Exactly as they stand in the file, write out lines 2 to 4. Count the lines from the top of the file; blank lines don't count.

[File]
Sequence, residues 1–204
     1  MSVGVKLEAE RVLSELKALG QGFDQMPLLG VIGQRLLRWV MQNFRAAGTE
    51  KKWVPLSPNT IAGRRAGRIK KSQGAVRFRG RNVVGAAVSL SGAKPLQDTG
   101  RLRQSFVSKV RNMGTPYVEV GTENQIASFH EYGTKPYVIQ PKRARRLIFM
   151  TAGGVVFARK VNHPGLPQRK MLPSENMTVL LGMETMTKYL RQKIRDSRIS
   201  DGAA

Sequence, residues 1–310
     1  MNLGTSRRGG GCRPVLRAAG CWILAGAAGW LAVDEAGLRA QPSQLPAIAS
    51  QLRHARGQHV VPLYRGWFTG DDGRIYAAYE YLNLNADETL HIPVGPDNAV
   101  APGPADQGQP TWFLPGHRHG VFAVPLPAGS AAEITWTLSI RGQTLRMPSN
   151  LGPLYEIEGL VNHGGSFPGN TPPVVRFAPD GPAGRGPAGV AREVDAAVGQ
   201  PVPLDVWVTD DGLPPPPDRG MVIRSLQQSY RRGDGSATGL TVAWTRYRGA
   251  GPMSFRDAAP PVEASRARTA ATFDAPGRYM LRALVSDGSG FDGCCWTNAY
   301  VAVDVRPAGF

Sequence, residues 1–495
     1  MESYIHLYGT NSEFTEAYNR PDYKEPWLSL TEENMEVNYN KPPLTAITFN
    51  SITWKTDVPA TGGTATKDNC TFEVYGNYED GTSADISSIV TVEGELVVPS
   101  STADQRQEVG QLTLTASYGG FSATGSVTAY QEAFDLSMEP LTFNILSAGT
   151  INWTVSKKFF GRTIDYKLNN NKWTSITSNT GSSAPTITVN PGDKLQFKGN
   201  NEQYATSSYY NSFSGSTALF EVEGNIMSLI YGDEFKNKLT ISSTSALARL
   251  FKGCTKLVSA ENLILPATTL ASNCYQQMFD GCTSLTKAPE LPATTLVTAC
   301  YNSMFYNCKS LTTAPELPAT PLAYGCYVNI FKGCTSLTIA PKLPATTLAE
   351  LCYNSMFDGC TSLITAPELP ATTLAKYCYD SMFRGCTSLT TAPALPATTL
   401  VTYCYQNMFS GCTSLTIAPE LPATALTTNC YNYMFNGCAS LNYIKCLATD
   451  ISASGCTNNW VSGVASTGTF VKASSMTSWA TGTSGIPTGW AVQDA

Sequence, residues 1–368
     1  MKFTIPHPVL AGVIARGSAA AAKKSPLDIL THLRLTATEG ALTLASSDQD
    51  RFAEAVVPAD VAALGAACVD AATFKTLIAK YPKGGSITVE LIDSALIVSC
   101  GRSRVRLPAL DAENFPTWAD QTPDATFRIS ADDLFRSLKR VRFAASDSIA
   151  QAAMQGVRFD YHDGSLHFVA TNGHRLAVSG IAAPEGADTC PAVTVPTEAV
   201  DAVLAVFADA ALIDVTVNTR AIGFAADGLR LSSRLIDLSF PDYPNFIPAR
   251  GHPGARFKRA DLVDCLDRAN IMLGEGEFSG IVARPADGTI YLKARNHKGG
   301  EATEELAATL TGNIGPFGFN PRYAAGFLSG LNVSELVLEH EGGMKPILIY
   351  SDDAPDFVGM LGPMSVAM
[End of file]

     1  MSVGVKLEAE RVLSELKALG QGFDQMPLLG VIGQRLLRWV MQNFRAAGTE
    51  KKWVPLSPNT IAGRRAGRIK KSQGAVRFRG RNVVGAAVSL SGAKPLQDTG
   101  RLRQSFVSKV RNMGTPYVEV GTENQIASFH EYGTKPYVIQ PKRARRLIFM